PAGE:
Here are the top news stories in talent & organization from this week.

A guide to corporate culture

Culture and leadership are ‘inextricably linked’ and the best leaders are the ones ‘fully aware of the multiple cultures within which they are embedded, can sense when change is required and deftly influence the process,’ according to the Harvard Business Review. The magazine’s in-depth cover story, “The Culture Factor,” delves into the definition of corporate culture and eight distinct styles, distilled from more than 100 social and behavioral models. ‘Caring’ culture focuses on relationships and mutual trust; ‘Purpose’ emphasizes idealism and altruism; ‘Learning’ highlights exploration and creativity; ‘Enjoyment’ unites workers and employers in fun and humor; ‘Results’ culture makes achievement and winning top priorities; ‘Authority’ relies on strong control and decisiveness; ‘Safety’ looks to caution and preparedness; and ‘Order’ depends on structure and time-honored customs. “Leading with culture may be among the few sources of sustainable competitive advantage left to companies today. Successful leaders will stop regarding culture with frustration and instead use it as a fundamental management tool,” the authors conclude.

Google’s solution to filling IT jobs

Last week, Google announced a new certificate program through the Coursera platform to give people the basic skills to get an entry-level IT support job in one year. “Natalie Van Kleef Conley, former head of Google’s tech support program, was having trouble finding IT support specialists so she spearheaded the certificate program,” reports Kim Hart for Axios. “It’s also part of Google’s initiative to help Americans get skills needed to get a new job in a changing economy.” The program will match certificate holders with not just Google, but others such as Bank of America, Sprint, PNC Bank and GE Digital. Hart notes that entry-level IT jobs are typically higher paying ($62,670 in 2016) than similar roles in other fields. “A lot of companies struggle to fill these roles,” she writes. “This certificate curriculum is an acknowledgement from these employers that they’re going to need to train Americans for those jobs, since the administration has made it clear it will make it harder to rely on foreign talent.”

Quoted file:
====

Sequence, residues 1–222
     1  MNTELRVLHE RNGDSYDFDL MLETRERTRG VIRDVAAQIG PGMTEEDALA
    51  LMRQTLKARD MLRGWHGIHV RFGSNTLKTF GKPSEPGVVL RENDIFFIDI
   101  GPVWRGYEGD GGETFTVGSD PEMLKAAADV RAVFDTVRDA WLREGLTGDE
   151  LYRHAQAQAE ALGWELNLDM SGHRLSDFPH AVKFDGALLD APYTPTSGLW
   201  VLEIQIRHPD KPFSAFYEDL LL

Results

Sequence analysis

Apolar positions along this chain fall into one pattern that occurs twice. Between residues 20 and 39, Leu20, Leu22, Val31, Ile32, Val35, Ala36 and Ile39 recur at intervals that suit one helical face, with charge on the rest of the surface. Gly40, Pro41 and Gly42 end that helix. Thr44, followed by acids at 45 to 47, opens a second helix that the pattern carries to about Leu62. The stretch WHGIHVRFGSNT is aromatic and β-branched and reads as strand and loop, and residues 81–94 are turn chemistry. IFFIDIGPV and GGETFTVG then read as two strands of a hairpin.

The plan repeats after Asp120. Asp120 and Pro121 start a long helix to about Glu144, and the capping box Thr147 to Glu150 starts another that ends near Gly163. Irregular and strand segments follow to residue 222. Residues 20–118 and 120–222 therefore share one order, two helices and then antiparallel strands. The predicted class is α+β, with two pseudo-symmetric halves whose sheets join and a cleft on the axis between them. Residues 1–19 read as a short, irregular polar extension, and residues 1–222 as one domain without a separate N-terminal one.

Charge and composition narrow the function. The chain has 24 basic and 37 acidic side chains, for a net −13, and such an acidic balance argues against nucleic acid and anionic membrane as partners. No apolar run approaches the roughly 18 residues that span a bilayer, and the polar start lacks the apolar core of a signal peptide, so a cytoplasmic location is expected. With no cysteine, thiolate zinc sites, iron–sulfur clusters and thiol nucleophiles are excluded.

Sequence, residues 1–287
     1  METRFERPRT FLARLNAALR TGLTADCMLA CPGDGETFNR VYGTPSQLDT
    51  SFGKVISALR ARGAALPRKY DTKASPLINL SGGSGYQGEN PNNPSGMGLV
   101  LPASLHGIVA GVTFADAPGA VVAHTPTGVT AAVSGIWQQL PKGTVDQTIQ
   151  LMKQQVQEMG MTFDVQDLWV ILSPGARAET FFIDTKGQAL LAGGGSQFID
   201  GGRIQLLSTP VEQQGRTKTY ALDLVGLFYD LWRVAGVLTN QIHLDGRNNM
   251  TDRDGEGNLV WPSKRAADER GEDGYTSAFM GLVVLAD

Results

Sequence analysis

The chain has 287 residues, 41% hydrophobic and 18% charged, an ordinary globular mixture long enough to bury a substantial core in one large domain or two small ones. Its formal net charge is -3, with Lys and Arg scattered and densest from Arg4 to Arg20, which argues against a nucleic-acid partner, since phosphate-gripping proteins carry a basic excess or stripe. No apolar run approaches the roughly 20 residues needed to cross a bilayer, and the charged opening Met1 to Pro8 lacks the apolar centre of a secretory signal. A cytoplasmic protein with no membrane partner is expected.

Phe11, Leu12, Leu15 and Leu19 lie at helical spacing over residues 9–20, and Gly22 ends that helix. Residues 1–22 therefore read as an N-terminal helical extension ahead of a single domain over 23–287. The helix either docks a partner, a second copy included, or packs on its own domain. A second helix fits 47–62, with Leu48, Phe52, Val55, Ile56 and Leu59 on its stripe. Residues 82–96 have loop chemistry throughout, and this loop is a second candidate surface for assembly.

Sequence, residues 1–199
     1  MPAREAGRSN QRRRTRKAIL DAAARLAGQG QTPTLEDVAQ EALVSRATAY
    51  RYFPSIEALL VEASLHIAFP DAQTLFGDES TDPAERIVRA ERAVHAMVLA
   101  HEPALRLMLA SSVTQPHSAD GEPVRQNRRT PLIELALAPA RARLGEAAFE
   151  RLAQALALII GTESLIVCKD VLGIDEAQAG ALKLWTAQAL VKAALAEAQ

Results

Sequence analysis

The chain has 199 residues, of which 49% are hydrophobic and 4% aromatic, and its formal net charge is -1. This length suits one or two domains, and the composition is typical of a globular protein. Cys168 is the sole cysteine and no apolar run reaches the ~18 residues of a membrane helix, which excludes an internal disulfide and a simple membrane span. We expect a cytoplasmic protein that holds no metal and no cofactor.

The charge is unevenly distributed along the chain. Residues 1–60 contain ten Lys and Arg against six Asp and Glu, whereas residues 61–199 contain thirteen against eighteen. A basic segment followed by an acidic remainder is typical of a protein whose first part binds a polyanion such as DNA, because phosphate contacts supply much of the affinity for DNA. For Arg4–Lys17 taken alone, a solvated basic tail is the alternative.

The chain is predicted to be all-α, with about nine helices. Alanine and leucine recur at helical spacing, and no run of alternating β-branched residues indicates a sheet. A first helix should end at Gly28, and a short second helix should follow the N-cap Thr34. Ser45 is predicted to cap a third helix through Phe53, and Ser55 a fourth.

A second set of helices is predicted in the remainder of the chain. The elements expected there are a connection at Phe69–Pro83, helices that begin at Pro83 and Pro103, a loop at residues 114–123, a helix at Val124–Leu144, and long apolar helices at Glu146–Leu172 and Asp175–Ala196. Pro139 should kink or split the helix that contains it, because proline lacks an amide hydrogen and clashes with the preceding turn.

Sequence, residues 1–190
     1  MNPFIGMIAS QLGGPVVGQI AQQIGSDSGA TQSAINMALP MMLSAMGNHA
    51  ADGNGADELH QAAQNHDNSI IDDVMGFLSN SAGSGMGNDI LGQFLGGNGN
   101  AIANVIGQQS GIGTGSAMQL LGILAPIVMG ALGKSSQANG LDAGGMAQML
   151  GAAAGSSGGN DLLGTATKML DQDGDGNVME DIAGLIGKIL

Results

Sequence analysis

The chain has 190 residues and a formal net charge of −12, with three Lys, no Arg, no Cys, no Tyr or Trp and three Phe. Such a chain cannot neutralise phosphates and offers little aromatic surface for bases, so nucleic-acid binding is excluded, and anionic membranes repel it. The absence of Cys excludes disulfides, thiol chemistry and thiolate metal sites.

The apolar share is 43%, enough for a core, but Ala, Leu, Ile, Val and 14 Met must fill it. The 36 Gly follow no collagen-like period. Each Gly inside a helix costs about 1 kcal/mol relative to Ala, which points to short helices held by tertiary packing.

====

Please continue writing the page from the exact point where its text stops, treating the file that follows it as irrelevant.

On-site fitness centers are a key recruiting tool

By 2030, a full 18 percent of the U.S. population will reach retirement age according to Pew Research Center projections, putting today’s employers in a competition to recruit top talent. Many organizations are tackling this challenge by offering unique benefits such as tuition reimbursement, parental leave and even insurance for companion animals, writes Ann Wyatt for TalentCulture, and highlights on-site fitness centers as one of the top perks. The obvious reason for the popularity of on-site fitness centers is convenience. “After all, it’s much easier to get a workout in if you only have to travel two floors down on the elevator versus 10 miles in rush-hour traffic. Convenience is everything for today’s over-booked employee,” Wyatt writes. She also points out that employees want a more personal touch from fitness centers, ‘a place where [they] can work with coaches and fitness consultants to develop individualized plans to meet their unique needs.’

Millennials ready for leadership

“Millennials may still seem like the young, new generation, but they’re already starting to emerge as leaders in the American workforce,” argues Larry Alton in this Forbes Under30 blog post. Alton points to the fact that millennials have started “wandering into their 30s” and have enough experience for bigger roles. “Because there’s a growing power vacuum as managers from older generations leave or climb even higher, millennials are the most plentiful candidates to fill the void,” he adds. They are different than the older generations in a variety of ways, Alton notes: Millennials crave regular feedback; they are more adaptable to new technologies; they prefer flexible working hours and believe in brand values and company culture. “Values have always been an important cultural institution for millennials, when choosing an employer or a supplier, and now they get to create and enforce those values within the context of their own teams,” Alton writes.

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